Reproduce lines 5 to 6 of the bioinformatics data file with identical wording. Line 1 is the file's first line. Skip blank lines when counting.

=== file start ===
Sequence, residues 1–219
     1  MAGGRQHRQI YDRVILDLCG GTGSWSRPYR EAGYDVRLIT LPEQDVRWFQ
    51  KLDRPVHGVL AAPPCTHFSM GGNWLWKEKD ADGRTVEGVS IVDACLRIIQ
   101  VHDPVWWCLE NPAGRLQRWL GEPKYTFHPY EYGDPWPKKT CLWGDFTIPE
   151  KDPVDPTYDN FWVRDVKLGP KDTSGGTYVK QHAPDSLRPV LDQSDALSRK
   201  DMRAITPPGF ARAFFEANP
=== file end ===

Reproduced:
   151  KDPVDPTYDN FWVRDVKLGP KDTSGGTYVK QHAPDSLRPV LDQSDALSRK
   201  DMRAITPPGF ARAFFEANP